There are places they tell us not to go,
like that tiny town six hours outside of Philadelphia.
Where pale skin will reach inside your chest and pull out your dignity with a rope.
A rope they’ll try to cinch around your neck,
and make you gasp for air while they laugh.
While you struggle to breathe
struggle just to breathe.
In the air full of thick hatred.
Full of whispers from mammas telling their babies not to step foot in the place
that hates the same Blackness that lives inside of them.
Or they’ll snatch your life right out of you and parade you around the town, one less monkey out of the cage.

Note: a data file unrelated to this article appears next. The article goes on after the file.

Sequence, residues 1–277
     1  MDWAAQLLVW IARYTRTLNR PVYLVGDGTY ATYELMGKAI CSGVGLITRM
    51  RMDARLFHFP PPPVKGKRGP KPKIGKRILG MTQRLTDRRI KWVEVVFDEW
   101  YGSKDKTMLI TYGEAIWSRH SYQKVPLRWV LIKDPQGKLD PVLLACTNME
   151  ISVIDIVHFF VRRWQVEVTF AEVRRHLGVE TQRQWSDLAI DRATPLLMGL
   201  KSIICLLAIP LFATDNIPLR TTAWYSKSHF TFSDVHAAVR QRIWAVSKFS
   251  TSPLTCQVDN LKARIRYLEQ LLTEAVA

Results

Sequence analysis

They tell you not to shake the table—
not to poke the sleeping bear.
To tip toe around the hatred and then maybe it won’t seep into you.
But the sleeping bear always finds a way to wake,
the one legged table is always rickety;
one toe is always a tiny bit too big.
And when they hang you, in an empty forest full of unknowns, nobody will know.
Your momma will miss you
but nothing will get done. As a statement
they’ll leave you strung to the tree…
with no sound but the wind.